A Two Thumbs Up Pie, with Whipped Cream and a Cherry on Top!!
Life is all about the pursuit of happiness, or so it is stated in the Constitution of the United States of America. And in the latest independent film, Waitress, directed by the late, but-oh-so-talented Adrienne Shelly, the constant search for something uplifting and inspirational floods the screen in a blend of humor, forbidden romance and saliva-forming pie delicacies.
Opening at Sundance to rave reviews from critics all around, the film has since been traveling nationwide for free screenings in an easy attempt at 'word-of-mouth' marketing. If people don't already have a mouthful of pie to stop them from talking, you'll be hearing wondrous comments about this story.
Jenna (played by Russell) is a small-time waitress at a pie shop in a small-time town in that little slice of America we all believed to be dormant. But when her abusive husband (Jeremy Sisto) gets her drunks one night and impregnates her, her world is ready to turn upside down. Jenna had always dreamt of an escape from her present life; a fresh start. Cue Dr. Pomatter (Nathan Fillion) who jump-starts Jenna's lust for life and true love as her replacement gynecologist. With a bun in the oven, Jenna's baking endeavors skyrocket with the hopes of winning $25,000 in a pie contest and one last shot at escaping her terrible husband. Whether it be on her own or in the arms of her doctor is an intense decision she must decide.
Keri Russell, according to my insight and sources, seemed to fall off the face of Celluloid Earth once her Felicity series ended. Aside from a run of small roles in big/mediocre films, none have really heard any from her. She reminds us how beautiful those homegrown country girls can be: how defenseless, how passionate and how much they can offer intellectually, spiritually and on a culinary level. Keri Russell is back, and ready to bite!!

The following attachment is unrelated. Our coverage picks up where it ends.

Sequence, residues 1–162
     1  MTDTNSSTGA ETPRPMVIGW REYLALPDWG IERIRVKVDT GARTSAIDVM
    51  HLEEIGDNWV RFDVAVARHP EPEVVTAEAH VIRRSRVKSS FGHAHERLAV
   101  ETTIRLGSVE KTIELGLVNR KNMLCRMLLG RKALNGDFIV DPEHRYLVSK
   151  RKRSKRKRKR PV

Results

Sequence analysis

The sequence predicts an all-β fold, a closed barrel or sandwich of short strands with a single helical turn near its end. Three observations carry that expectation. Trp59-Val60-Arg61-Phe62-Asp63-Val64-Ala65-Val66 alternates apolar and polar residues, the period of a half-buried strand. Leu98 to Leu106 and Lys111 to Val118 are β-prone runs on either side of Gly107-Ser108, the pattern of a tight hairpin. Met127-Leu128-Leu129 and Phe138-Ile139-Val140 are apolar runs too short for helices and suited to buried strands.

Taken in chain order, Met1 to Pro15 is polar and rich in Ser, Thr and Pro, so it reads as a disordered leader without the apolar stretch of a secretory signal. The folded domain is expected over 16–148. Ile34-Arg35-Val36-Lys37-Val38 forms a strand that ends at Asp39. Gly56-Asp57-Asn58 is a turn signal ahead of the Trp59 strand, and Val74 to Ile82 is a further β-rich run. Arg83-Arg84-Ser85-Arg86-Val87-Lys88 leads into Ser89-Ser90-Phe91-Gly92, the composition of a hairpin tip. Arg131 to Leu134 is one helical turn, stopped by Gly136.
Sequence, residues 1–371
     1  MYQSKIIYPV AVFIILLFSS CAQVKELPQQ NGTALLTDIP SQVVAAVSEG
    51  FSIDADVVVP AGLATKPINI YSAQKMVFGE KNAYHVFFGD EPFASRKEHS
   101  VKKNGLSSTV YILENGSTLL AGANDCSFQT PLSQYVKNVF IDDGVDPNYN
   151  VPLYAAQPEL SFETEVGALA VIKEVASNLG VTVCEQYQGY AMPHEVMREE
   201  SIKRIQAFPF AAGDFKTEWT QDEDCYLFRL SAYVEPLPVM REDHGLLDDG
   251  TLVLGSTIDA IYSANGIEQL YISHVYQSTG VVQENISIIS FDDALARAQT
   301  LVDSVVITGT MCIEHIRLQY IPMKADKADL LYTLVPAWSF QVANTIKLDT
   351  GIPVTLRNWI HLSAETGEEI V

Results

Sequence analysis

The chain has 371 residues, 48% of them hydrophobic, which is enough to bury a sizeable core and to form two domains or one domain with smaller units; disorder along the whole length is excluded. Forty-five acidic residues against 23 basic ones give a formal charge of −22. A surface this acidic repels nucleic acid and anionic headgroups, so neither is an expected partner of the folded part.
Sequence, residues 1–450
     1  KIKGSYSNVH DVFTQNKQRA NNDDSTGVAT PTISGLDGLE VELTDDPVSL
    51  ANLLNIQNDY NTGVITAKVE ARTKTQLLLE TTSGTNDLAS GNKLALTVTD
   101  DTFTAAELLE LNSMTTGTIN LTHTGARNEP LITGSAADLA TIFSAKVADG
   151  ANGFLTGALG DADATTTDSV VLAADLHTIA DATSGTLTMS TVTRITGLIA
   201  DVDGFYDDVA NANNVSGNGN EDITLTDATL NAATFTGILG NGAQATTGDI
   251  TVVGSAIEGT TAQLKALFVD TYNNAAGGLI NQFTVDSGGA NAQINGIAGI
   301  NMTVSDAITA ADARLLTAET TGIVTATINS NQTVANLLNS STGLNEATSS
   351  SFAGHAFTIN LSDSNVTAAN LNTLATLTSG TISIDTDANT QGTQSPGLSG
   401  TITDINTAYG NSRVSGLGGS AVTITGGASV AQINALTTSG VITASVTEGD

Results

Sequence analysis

Nathan Fillion is known to too many as a wisecracking captain of a starship in outer space, so seeing him as a nerdy, anxiety-encompassed gynecologist was almost a stretch. But his subtle and not over-the-top acting brought the beautiful degree of chemistry between Russell's character and his. It was his moment to shine in a situation he wasn't used to, and his light burned bright. His comedic timing was spot-on, and sharing the screen with Russell left us craving more intimate moments not shown so such on the silver screen anymore.
Jeremy Sisto is the controlling husband we all love to hate. He wears his insecurities on his sleeve, continually forcing his wife to remind him that she loves him and will never do anything behind his back. The brute of the film, he talks himself out of his emotions and talks himself into thinking he is right all the time. The headstrong type are usually never right; though the casting choice left the audience wondering how much one can really despise Sisto's character. A stellar performance indeed.
The ensemble supporting cast was mixed better than any dessert I could ever construct. The onscreen personas provided by Cheryl Hines, Andy Griffith, Adrienne Shelly, and even Eddie Jemison left each scene standing alone on its own. Every character in this gem is working hard to find happiness although some search in the wrong places; sometimes through lust, sometimes through spontaneous poetry and stalking while sometimes laying a hard hand on the one they walked down the aisle with years ago.
In this film, there is a sexual revolution for one woman and her doctor. In this film, there is a life to be given to one baby. In this film, there is nothing but good-ole pie to eat. Waitress is a humble return to the romantic comedy genre; one not relying on humor to carry the film or its romance. Like the pies created inside its running time, it takes just the proper blend of all the ingredients to make everything taste absolutely perfect. Order up!!